How it works
How do you collect samples?
You will be provided with a pathology request form to show the pathology collector. When you place your order, the request form is available from the confirmation page. We recommend that you download and save it to your mobile device to show the pathology collector, or you can take a printed copy if you prefer. You can find a collection centre near you with our postcode finder.
The pathology collector will give you all the instructions that you need to collect urine and self-collected swab samples. If you plan on collecting your urine sample at the collection centre, we recommend that you wait one hour after the last time you urinated before collecting your sample. This gives time for any bacteria to accumulate in your urinary tract and be detected in your test.
What test methods do we use?
Chlamydia and gonorrhoea are tested using PCR (polymerase chain reaction). This test method detects the presence of the genetic material of bacteria Chlamydia trachomatis and Neisseria gonorrhoeae.
Although syphilis is caused by the bacterium Treponema pallidum, we test for the antibody your immune system makes when you are infected.
When we test for any of the STI viruses (hepatitis viruses A, B and C and HIV), our methods detect specific antibodies that your immune system makes when you are infected.
When all of your tests are negative, your SMS will include a link to the pathology report. To open the report you will need to use the 4-digit PIN that is found on the top right-hand corner of your tax invoice.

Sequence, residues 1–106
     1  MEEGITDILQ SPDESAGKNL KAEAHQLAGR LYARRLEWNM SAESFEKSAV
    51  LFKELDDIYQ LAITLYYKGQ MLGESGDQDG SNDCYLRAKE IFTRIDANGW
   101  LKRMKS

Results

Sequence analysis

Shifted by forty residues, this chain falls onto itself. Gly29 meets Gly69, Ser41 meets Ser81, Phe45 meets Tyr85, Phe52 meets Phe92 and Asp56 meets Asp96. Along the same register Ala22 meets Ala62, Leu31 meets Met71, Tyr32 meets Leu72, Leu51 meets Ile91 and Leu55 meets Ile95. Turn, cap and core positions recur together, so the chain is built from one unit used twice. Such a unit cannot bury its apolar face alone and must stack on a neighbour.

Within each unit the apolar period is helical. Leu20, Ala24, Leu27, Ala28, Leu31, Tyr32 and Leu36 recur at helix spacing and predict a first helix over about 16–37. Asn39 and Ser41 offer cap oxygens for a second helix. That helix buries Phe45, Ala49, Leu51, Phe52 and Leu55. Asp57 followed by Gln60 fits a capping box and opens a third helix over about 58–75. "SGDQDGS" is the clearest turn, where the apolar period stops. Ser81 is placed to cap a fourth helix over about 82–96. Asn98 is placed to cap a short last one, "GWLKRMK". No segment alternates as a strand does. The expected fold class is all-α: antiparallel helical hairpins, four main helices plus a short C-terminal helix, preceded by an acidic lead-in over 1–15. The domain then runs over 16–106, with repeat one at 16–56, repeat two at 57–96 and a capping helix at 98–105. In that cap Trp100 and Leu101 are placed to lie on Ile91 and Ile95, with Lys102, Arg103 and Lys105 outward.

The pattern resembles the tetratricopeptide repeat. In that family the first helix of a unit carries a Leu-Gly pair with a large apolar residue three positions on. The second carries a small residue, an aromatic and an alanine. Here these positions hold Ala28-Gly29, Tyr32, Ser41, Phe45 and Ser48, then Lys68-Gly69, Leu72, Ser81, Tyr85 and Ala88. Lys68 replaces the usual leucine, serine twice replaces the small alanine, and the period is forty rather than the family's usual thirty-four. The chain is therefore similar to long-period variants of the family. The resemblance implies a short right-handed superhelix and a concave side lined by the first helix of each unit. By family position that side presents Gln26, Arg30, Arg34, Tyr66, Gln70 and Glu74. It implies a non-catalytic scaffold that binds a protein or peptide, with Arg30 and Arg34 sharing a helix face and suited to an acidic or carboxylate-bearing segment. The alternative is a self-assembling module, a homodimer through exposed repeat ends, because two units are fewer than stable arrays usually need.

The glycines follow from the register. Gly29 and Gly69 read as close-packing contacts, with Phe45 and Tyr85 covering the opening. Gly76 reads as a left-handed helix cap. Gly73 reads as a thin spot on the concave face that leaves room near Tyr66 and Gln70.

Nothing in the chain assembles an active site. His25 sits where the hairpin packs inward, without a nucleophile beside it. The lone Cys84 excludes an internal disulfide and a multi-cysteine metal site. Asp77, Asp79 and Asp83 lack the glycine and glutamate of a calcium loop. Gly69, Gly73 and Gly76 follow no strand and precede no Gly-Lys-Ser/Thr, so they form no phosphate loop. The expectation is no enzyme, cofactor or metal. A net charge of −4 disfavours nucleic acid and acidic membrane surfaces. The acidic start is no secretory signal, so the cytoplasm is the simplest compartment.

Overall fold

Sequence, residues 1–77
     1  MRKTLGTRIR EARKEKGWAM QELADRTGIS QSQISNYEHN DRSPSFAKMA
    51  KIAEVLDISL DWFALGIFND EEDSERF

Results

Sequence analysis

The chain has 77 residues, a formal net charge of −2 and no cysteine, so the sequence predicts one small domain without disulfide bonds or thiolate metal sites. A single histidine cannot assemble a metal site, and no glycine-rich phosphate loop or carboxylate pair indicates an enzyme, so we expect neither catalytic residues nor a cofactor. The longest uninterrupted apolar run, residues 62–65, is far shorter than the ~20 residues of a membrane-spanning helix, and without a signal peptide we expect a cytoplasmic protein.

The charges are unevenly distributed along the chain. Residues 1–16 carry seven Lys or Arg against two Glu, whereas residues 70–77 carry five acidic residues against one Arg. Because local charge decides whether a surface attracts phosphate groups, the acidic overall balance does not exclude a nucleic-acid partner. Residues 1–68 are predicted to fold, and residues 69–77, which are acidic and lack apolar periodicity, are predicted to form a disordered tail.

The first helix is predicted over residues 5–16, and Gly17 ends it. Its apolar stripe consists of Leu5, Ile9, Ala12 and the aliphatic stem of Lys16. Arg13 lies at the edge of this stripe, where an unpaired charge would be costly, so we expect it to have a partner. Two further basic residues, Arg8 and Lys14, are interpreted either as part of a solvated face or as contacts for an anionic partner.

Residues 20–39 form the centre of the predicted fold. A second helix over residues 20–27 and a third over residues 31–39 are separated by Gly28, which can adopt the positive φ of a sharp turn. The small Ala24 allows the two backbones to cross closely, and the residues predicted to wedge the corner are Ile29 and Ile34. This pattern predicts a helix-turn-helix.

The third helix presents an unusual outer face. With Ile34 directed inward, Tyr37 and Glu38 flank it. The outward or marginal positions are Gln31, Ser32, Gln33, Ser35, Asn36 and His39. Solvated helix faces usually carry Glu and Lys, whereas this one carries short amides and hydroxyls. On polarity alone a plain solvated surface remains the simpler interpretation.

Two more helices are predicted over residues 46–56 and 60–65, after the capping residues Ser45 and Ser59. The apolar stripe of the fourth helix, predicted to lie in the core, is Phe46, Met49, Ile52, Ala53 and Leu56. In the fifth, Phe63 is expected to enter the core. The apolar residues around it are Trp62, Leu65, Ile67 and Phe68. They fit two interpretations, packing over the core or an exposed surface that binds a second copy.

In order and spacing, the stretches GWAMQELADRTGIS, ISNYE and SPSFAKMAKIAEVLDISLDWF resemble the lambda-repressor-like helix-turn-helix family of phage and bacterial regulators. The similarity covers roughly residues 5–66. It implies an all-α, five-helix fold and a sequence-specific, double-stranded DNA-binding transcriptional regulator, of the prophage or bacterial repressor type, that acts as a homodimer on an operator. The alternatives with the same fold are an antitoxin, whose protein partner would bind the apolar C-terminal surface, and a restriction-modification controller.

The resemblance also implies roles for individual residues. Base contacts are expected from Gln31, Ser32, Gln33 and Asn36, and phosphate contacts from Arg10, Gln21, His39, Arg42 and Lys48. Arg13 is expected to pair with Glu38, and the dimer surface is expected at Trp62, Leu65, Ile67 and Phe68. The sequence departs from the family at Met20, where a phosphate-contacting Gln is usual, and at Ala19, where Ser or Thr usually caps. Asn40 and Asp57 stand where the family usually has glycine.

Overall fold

If any of your tests are positive or inconclusive, the SMS you receive will ask you to contact the medical centre that you selected when you placed your order. You will find the details of the medical centre you chose on the tax invoice.
We will send your results to the medical centre – they will contact you to confidentially assist you with organising treatment and follow-up. You can choose to be treated elsewhere if you wish.
In Australia, state health departments have statutory notification. which requires that laboratories report certain cases of infectious diseases, including sexually transmitted infections, to public health departments. The purpose of this is to limit the spread of communicable diseases.
What is post-exposure prophylaxis (PEP)?
Post-exposure prophylaxis (PEP) is a course of medication to help prevent HIV infection. If you think you have been exposed to HIV, it is best to start PEP as soon as possible. It is most effective if taken with 24 hours but can be started up to 72 hours after you are exposed. Contact your closest hospital emergency departments, sexual health clinics and specialist doctor for assistance .
Click here to learn more about PEP.